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Political history and modern state of the inhabitants of the Alps
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Political history and modern state of the inhabitants of the Alps

Little is known of the early dwellers in the Alps, save from the scanty accounts preserved by Roman and Greek historians and geographers. A few details have come down to us of the conquest of many of the Alpine tribes by Augustus.

The successive emigration and occupation of the Alpine region by various Teutonic tribes from the 5th to the 6th centuries are, too, known only in outline, because to them, as to the Frankish kings and emperors, the Alps offered a route from one place to another rather than a permanent residence.

It is not until the final breakup of the Carolingian Empire in the 10th and 11th centuries that it becomes possible to trace out the local history of different parts of the Alps.

Table of contents
1 The Western Alps
2 The Central Alps
3 The Eastern Alps

The Western Alps

In the case of the Western Alps (minus the bit from the chain of Mont Blanc to the Simplon, which followed the fortunes of the Valais), a prolonged struggle for control took place between the feudal lords of Savoy, the Dauphine and Provence. In 1349 the Dauphiné fell to France, while in 1388 the county of Nice passed from Provence to the house of Savoy, which also then held Piedmont as well as other lands on the Italian side of the Alps. The struggle henceforth was limited to France and the house of Savoy, but little by little France succeeded in pushing back the house of Savoy across the Alps, forcing it to become a purely Italian power.

One turning-point in the rivalry was the Treaty of Utrecht (1713), by which France ceded to Savoy the Alpine districts of Exilles, Bardonneche (Bardonecchia), Oulx, U.enestrelles, and Châtean Dauphin, while Savoy handed over to France the valley of Barcelonnette, situated on the western slope of the Alps and forming part of the county of Nice. The final act in this long-continued struggle took place in 1860, when France obtained by cession the rest of the county of Nice and also Savoy, thus remaining sole ruler on the western slope of the Alps.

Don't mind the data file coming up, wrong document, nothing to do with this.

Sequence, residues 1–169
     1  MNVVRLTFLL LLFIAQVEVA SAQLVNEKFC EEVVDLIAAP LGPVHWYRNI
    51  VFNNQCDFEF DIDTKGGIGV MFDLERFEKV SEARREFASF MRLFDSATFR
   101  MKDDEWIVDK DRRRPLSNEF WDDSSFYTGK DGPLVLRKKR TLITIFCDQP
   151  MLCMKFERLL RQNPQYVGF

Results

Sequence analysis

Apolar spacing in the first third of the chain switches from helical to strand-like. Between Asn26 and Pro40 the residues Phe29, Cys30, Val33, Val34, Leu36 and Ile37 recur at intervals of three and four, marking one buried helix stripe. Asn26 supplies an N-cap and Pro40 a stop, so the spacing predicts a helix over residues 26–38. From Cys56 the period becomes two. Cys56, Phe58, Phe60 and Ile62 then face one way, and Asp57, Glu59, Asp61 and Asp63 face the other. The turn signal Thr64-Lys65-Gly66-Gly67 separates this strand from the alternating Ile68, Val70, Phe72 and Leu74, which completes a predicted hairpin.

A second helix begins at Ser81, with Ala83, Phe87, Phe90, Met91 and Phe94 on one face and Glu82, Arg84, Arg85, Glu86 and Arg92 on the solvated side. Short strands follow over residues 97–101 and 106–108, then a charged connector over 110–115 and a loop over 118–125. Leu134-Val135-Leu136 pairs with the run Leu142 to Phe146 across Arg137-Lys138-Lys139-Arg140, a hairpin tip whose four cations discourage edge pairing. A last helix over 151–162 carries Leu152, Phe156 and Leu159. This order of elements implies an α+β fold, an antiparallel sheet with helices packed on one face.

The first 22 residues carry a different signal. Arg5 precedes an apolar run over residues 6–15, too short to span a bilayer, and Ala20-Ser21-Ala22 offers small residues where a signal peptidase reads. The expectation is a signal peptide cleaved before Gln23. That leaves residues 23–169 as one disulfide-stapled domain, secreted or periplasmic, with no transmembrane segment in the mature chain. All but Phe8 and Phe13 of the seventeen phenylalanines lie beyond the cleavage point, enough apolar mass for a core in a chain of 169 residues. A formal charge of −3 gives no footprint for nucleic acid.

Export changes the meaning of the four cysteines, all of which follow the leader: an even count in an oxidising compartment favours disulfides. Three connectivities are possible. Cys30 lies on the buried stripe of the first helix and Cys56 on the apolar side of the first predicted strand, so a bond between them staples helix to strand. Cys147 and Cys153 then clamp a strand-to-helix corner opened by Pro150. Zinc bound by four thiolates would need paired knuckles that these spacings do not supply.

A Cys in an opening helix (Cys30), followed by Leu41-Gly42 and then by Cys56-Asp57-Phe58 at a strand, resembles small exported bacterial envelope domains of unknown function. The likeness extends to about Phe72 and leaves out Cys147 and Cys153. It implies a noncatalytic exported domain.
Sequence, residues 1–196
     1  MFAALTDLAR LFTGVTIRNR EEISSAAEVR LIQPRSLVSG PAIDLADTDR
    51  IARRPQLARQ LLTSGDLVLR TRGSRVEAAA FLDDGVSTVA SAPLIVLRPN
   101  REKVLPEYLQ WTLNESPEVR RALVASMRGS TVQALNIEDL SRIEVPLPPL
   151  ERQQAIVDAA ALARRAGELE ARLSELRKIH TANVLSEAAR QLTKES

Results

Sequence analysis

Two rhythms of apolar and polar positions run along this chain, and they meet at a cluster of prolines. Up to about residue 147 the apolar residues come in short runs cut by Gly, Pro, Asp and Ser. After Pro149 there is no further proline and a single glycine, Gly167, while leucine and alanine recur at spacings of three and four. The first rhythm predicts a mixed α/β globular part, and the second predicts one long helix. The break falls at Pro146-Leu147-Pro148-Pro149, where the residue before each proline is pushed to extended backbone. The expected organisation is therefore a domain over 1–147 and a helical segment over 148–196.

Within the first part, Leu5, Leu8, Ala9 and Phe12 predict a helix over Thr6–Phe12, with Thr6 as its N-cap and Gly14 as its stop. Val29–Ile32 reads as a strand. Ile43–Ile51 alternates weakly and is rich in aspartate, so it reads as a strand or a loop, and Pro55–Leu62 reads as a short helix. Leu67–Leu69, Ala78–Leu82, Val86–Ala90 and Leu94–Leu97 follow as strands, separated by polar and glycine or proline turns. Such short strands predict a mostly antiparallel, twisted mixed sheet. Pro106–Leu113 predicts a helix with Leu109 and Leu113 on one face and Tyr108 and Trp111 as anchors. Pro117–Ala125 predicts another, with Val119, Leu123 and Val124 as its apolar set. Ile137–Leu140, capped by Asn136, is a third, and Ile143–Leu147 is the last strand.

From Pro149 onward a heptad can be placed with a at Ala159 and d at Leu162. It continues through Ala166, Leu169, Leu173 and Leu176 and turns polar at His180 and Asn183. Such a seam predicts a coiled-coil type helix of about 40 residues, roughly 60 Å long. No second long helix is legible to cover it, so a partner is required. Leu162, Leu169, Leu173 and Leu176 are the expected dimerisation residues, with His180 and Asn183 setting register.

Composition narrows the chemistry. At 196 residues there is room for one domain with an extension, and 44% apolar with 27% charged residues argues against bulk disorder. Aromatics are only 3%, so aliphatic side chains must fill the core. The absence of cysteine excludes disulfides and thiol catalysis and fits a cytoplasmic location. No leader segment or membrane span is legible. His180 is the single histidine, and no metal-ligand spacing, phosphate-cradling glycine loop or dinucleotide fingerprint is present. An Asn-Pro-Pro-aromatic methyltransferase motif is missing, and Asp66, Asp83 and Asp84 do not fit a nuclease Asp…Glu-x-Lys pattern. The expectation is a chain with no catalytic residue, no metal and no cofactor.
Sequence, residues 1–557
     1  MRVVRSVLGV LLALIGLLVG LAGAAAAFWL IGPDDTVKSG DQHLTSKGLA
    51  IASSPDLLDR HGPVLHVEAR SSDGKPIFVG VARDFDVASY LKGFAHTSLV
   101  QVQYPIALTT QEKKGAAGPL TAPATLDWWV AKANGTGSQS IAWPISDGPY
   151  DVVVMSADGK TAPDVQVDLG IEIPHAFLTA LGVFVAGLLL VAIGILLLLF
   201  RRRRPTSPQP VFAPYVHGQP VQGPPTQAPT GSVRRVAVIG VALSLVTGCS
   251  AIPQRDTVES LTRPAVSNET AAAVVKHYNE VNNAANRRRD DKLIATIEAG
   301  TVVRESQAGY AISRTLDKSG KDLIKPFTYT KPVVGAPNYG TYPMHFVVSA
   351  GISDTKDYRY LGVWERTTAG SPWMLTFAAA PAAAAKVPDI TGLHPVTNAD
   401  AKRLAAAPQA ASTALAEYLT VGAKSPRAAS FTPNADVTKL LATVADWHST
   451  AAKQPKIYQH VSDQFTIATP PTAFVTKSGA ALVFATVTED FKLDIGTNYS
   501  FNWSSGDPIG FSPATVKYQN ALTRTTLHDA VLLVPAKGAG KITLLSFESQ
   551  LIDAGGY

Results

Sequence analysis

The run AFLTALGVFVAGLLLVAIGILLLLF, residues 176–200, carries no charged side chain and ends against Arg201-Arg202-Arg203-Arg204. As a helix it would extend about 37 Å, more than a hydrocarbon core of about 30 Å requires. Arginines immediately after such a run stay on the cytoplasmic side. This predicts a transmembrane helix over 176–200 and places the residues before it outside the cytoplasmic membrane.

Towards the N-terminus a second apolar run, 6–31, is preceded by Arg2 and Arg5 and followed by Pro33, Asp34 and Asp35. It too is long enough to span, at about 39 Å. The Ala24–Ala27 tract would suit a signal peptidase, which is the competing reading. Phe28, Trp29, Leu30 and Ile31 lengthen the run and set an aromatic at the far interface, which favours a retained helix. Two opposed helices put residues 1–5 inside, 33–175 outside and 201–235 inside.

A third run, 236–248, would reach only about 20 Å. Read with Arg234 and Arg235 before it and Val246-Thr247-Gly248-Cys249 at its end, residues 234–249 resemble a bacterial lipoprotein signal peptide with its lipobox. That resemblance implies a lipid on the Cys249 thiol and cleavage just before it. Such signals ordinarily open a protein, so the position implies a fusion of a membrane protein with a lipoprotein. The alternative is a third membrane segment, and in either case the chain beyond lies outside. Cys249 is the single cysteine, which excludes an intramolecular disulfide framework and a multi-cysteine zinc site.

The Central Alps

In the Central Alps the chief event, on the northern side of the chain, is the gradual formation from 1291 to 1815 of the Swiss Confederation, at least so far as regards the mountain Cantons, and with especial reference to the independent confederations of the Grisons and the Valais, which only became full members of the Confederation in 1803 and 1815 respectively. The attraction of the south was too strong for both the Forest Cantons and the Grisons, so that both tried to secure, and actually did secure, various bits of the Milanese.

In the 15th century, the Forest Cantons won the Val Leventina as well as Bellinzona and the Val Blenio (though the Ossola Valley was held for a time only). Blenio was added to the Val Bregaglia (which had been given to the bishop of Coire in 960 by the emperor Otto I), along with the valleys of Mesocco and of Poschiavo.

In 1512, the Swiss Confederation as a whole won the valleys of Locarno with Lugano, which, combined with the 15th century conquests by the Forest Cantons, were formed in 1803 into the new Canton of Ticino or Tessin.